The Lazzaretto Vecchio has a long and varied history. It has been a monastery, a plague hospital, a quarantine station, a military installation, a dog kennel and maybe one day it will be a national archaeological museum for Venice. This is a chronology of some of the main events in the history of the Lazzaretto Vecchio.
The time of the Serenissima
The Augustinian hermit monks living on the island built and consecrated a church dedicated to St. Mary of Nazareth – Santa Maria di Nazareth. Consequently, the island became known as Nazaretum in the vernacular. The island functioned as a hostel for pilgrims destined for the Holy Land.
Yet another wave of the black plague struck Venice. The Senate of the Serenissima, at the suggestion of St. Barnadino of Siena, decided to create a hospital for the infected and sick somewhere isolated. The choice fell on the island Santa Maria di Nazareth, as the monastery only had one monk and four novices left.
A first bequeathment to the Lazzaretto allowed the restoration and refurbishment of the existing buildings on the island, with around 80 rooms for the sick.
With the creation of the Lazzaretto Nuovo (New Lazaret) the island became Lazzaretto Vecchio (Old Lazaret).
An inventory of the Lazzaretto listed 209 beds for the plague stricken, besides the objects in the church, sacristy and kitchens.
- late 1400s – early 1500s
Successive enlargements of the Lazzaretto Vecchio added more buildings.
- late 1500s
The function as a hospital diminished. Many of the buildings were adapted for quarantine and the disinfection of merchandise, like on the Lazzaretto Nuovo.
The new Tezon Grando or Tezon Vecchio on the Lazzaretto Vecchio was destined for the disinfection of merchandise.
The five teze on the Lido side were built on hitherto unused parts of the island, specifically for the disinfection of goods. This further reduced the hospital function of the island.
Island of Poveglia a bit further south became the Lazzaretto Nuovissimo and took over most of the functions of the Lazzaretto Vecchio.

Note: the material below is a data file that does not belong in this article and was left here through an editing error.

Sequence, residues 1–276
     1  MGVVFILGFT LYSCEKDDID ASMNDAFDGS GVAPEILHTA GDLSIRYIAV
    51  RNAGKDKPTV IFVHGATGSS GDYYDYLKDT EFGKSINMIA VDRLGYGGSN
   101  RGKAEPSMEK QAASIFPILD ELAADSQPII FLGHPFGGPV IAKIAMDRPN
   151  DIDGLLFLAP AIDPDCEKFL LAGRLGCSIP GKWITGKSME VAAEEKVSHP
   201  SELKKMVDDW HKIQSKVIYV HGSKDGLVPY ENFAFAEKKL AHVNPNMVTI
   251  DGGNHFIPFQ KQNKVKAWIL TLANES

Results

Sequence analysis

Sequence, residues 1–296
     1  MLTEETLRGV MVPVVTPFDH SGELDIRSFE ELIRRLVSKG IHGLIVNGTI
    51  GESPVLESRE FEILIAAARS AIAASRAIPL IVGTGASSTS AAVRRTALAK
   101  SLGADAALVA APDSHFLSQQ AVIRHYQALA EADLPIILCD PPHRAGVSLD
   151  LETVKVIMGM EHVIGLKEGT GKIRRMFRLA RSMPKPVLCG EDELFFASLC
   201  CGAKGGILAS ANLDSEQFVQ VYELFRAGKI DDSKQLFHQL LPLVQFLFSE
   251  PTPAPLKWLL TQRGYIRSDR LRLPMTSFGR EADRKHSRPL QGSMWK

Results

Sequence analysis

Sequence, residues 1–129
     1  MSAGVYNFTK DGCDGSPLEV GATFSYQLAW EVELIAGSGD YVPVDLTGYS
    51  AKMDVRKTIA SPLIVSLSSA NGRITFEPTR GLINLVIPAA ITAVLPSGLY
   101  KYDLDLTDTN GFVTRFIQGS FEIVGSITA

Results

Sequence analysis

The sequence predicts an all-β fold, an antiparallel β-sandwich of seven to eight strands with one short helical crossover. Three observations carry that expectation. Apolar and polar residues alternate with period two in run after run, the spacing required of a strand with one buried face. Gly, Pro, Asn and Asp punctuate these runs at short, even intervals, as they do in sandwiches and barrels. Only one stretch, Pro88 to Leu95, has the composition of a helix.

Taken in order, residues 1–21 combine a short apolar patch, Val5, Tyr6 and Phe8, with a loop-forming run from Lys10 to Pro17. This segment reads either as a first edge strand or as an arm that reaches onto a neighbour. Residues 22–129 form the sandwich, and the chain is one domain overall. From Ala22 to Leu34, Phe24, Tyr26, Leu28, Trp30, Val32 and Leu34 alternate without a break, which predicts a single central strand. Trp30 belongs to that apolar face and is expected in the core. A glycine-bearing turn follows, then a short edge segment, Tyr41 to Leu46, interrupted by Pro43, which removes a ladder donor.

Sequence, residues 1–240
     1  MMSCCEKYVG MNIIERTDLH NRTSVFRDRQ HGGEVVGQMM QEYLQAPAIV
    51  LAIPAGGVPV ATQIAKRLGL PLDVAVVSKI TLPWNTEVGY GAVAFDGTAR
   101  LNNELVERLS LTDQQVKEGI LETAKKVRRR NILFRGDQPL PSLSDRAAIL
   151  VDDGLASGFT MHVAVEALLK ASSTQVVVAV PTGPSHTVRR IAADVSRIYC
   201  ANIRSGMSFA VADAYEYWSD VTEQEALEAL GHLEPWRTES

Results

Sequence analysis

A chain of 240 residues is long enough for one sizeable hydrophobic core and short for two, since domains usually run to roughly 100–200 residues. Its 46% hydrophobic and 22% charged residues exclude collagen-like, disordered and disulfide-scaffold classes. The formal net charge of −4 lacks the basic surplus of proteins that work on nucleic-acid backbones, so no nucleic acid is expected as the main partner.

Austrian and Italian period
- c. 1850
The island became a military installation.
The military demolished the church, the bell-tower and several other medieval buildings. They also removed two gun powder towers from the 1500s.
The Italian military definitely left the island.
A group of volunteers operated a kennel for stray dogs on the island. The constant barking meant that it became known as “dog island” for many locals.
- c. 1975
Somebody stole a medieval well-head from the island, weighing over half a ton. It was most likely a building tycoon from the Veneto area.
MIBACT (the Italian Ministry for Archeological and Cultural Heritage) plans to make a National Archeological Museum of the Lagoon and Venice on the island.
The search for the missing well-head started, led by Gerolamo Fazzini of the ArcheoClub di Venezia.
Volunteers from the associations Ekos Club and the ArcheoClub di Venezia monitors and does basic maintenance. They open the Lazzaretto Vecchio to the public a few times each year, in cooperation with the Soprintendenza dei Beni Culturali – the Italian Cultural Heritage authority.
Preliminary works for the Archeological Museum started, mostly to stabilise the buildings and prevent further collapses.
Part of the Lazzaretto Vecchio is given in concession to the Biennale, which uses the buildings closest to the Lido for the annual Venice Film Festival. This usage is contested, as it is unlikely those parts will ever become public again.
The ArcheoClub found and recovered the stolen well-head, and brought it back to the island.
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